Ecosocial Thinking and Ecosocial Bildung

There have been ecologically inclined social work scholars for a hundred years, but the first to coin the term ecosocial is a German social scientist Michael Opielka (Matthies, Närhi and Ward. 2001, 26). The word eco-social, which is short for ecological social work, focuses on combining ecological and social questions to provide an impetus for building a sustainable society (Närhi 2004, 15). In addition to Opielka’s work, ecosocial theory has built on understandings from systems theory and ecocritical thought (Matthies, Närhi and Ward 2001, 20–26).

The most important background for ESPE comes from the concept of Ecosocial Bildung (Salonen and Bardy 2015), which is used in the Finnish core curriculum to describe the nascent ecological turn in education (POPS 2014). Arto Salonen and Marjatta Bardy (2015; also Salonen 2014) have been Finnish pioneers in the ecosocial theory of Bildung. While Bildung traditionally relies on the anthropocentric and theocentric idea of Imago Dei (Taylor, 2016; Siljander and Sutinen 2012, 3), an ecosocial Bildung is about creating a way of life and culture which cherishes diverse, self-regenerating ecosystems in addition to the inviolability of human dignity (POPS 2014). Ecosocial Bildung does not refer to the image of God, but is more interested in a multidisciplinary scientific approach achieving sustainability (e.g. Salonen 2014). In ecosocial theory, human beings are a part of ecosystems, not distinct from it and attention is put on the interconnections of different life forms (Crowley 2010). Consequently, education, it is argued, needs to be reformulated in ways that enable our taking responsibility for our destructive actions.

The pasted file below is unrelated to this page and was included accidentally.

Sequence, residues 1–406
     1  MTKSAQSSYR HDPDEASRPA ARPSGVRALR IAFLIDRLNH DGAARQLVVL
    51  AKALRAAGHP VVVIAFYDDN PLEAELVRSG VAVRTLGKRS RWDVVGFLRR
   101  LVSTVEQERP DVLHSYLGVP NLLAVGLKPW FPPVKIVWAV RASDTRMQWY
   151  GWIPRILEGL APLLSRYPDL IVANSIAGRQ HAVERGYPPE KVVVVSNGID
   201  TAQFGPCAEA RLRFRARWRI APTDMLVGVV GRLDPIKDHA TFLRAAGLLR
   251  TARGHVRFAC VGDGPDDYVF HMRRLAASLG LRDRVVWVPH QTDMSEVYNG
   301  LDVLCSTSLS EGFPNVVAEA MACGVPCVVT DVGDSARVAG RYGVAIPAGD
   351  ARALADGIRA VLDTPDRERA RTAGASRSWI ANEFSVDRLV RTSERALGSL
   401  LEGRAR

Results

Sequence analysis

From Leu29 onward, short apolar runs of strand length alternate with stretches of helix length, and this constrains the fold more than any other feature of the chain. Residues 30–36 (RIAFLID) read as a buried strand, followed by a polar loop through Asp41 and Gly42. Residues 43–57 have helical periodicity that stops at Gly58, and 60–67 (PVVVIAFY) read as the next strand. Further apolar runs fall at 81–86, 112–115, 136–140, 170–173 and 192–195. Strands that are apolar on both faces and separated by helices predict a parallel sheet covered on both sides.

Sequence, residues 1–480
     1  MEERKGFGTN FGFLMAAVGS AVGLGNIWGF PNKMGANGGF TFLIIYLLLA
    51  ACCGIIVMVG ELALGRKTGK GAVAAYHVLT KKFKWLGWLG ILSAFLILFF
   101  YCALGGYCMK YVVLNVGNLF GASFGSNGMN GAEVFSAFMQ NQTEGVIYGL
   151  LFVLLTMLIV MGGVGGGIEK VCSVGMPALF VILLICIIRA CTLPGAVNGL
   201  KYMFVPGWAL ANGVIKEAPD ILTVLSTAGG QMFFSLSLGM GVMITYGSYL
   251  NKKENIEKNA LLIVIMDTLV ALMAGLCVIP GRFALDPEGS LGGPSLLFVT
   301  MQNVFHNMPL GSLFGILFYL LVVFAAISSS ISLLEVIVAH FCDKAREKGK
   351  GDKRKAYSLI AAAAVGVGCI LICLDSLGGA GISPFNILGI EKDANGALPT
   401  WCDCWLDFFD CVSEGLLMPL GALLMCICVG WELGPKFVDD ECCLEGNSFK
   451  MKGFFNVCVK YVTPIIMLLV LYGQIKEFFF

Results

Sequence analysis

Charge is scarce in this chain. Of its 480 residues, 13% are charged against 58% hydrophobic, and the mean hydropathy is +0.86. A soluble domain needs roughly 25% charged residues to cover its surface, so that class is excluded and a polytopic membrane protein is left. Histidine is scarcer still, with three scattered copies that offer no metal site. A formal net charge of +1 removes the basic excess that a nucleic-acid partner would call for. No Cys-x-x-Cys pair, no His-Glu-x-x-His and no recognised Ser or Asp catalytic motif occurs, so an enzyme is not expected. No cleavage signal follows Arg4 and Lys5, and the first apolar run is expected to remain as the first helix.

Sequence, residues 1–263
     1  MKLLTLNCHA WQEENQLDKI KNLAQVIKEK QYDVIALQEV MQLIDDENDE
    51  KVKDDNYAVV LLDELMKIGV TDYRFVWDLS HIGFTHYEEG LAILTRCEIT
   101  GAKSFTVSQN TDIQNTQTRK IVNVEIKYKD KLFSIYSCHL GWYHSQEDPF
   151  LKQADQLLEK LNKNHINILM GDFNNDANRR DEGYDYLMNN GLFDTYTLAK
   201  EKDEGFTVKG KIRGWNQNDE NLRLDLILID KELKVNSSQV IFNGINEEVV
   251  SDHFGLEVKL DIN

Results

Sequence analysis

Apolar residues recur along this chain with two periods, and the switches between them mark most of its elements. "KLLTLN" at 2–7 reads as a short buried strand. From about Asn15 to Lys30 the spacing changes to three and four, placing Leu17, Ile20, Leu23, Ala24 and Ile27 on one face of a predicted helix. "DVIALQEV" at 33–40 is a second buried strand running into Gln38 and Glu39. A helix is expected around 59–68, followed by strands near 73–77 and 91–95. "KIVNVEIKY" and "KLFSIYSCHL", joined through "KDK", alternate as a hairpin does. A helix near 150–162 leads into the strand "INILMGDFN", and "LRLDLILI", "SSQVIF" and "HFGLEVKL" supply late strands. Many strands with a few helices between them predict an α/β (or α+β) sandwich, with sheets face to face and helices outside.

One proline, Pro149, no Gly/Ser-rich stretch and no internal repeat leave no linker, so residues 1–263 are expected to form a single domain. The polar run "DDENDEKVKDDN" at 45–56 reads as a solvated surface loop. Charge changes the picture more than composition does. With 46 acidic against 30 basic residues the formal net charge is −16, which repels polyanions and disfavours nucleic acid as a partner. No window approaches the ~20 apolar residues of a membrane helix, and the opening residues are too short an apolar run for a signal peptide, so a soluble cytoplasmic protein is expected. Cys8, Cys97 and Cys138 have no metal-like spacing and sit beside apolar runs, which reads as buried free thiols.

We follow Närhi and Matthies (2001, 30; also Salonen and Bardy 2015) in conceptualizing ecosocial as a broad umbrella term for various attempts to solve different intertwined ecological and social problems, including issues of human and ecological justice as in ecojustice education (Martusewicz, Lupinacci and Edmundson 2015). Even with the broad umbrella term, the term ecosocial still consists of two important terms, ecology and social, as discussed earlier. The meaning of ecosocial is always tied to social interactions in an ecological context.

Combining social and ecological is not only a philosophical idea. There is evidence, in the microbial level, that our interaction with the forest floor and sod is beneficial for our health. The first human intervention study, directed by Marja Roslund and the research group (2020), suggests that exposing day-care children to forest bacteria enhances immune regulation. Our excessive hygiene and hostility to all the germs result in killing both beneficial and harmful microbes, which is why antibiotics are used now with more caution. Human immunity and health, even our moods, are dependent on diverse microbes in our skin and gut (Gilbert, Sapp and Tauber 2012). We will have to learn a more social courtesy also towards microbes instead of the biophobic “kill’ em all,” mentality (see Pulkki, Pulkki and Vadén 2019).